Public health officials in at least two-thirds of the states including Iowa are sharing the addresses of people who have the coronavirus with first responders in an effort to protect those on the front lines — but sparking concerns of racial and ethnic profiling and revealing personal information.
An Associated Press review of those states found that at least 10 — also including Iowa — in some instances share the names of everyone who has tested positive.
Sharing the information does not violate medical privacy laws, according to guidance issued by the U.S. Department of Health and Human Services. Law enforcement officials say the information helps them take precautions when responding to a call to avoid contracting and spreading the virus.
But civil liberty and community activists have expressed concerns of potential profiling in African-American and Hispanic communities that already have an uneasy relationship with law enforcement. Some envision the data being forwarded to immigration officials.
Critics wonder why first responders don’t just take extra precautions with everyone, given that so many people with the virus are asymptomatic or present only mild symptoms.
In Iowa, hundreds of workers at meatpacking plants have been tested for the coronavirus after outbreaks idled plants in Perry, Waterloo and Columbus Junction. Many workers who tested positive for COVID-19 are minorities and immigrants.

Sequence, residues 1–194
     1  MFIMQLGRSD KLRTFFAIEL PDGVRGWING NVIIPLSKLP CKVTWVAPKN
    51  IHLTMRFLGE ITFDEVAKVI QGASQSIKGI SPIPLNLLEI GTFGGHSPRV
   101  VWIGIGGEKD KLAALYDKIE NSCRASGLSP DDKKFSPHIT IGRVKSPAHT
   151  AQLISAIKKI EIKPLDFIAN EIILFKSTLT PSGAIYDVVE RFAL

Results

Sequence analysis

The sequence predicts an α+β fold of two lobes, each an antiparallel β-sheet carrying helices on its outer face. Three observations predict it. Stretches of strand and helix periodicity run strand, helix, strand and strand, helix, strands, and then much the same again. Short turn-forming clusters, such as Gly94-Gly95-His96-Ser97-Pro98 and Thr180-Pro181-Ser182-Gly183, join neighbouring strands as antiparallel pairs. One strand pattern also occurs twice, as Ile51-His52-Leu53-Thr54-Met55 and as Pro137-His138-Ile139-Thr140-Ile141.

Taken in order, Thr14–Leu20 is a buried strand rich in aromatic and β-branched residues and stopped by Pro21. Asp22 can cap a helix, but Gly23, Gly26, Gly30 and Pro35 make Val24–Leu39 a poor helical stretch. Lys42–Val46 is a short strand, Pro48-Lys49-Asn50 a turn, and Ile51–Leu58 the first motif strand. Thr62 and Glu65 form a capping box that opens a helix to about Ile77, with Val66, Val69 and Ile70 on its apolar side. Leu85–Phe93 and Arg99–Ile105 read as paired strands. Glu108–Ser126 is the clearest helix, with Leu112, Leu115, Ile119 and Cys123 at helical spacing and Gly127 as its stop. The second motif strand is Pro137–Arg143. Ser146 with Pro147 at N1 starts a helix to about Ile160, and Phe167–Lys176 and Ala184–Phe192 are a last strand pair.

Latinos make up just 6 percent of Iowa’s population, for instance, but constitute 25 percent of all Iowans who have tested positive.
The AP review shows that public health officials in at least 35 states share the addresses of those who have tested positive with first responders who request it. In at least 10 of those states, health agencies may also share their names: Colorado, Iowa, Louisiana, Nevada, New Hampshire, New Jersey, North Dakota, Ohio, South Dakota and Tennessee. Wisconsin did so briefly but stopped earlier this month.
Agencies in the Corridor say the addresses are shared under strict controls to databases. So if first responders are called to an address that is flagged, the crew knows in advance what precautions are needed.
Agencies surveyed by The Gazette said the information they receive does not include names.
Sam Jarvis, community health manager for Johnson County Public Health, said the department shares addresses — but not names — with the county’s Joint Emergency Communication Center. One person enters the information into the dispatch system so if a 911 comes in for that address, responders know in advance what level of personal protective gear is needed.
“We have the process set up (so) that as persons recover, those addresses are removed,” Jarvis said in an email.
Thomas Saenz, president of the Mexican American Legal Defense and Educational Fund, said law enforcement agencies should assure minority communities that the information won’t be turned over to the federal government.
He noted the Trump administration’s demands that local governments cooperate with immigration authorities as a concern.
Law enforcement officials note they have long been entrusted with confidential information, including Social Security numbers and criminal history. The COVID-19 information, they say, is just a continuation of that trend.
According to the national Fraternal Order of Police, more than 100 police officers in the United States have died from the coronavirus.
Lee Hermiston and Kat Russell of The Gazette contributed.
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